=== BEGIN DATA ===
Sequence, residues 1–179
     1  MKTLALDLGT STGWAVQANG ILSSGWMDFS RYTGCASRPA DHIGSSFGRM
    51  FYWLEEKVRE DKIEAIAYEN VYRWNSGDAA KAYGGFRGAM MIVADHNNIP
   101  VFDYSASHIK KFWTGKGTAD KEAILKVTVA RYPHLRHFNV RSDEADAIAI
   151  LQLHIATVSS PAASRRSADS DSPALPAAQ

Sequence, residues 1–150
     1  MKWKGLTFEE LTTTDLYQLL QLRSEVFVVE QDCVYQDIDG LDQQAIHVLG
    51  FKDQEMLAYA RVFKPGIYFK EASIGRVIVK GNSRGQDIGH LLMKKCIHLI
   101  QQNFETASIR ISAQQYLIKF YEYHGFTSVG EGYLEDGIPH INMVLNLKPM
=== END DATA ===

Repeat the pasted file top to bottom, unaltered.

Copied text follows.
Sequence, residues 1–179
     1  MKTLALDLGT STGWAVQANG ILSSGWMDFS RYTGCASRPA DHIGSSFGRM
    51  FYWLEEKVRE DKIEAIAYEN VYRWNSGDAA KAYGGFRGAM MIVADHNNIP
   101  VFDYSASHIK KFWTGKGTAD KEAILKVTVA RYPHLRHFNV RSDEADAIAI
   151  LQLHIATVSS PAASRRSADS DSPALPAAQ

Sequence, residues 1–150
     1  MKWKGLTFEE LTTTDLYQLL QLRSEVFVVE QDCVYQDIDG LDQQAIHVLG
    51  FKDQEMLAYA RVFKPGIYFK EASIGRVIVK GNSRGQDIGH LLMKKCIHLI
   101  QQNFETASIR ISAQQYLIKF YEYHGFTSVG EGYLEDGIPH INMVLNLKPM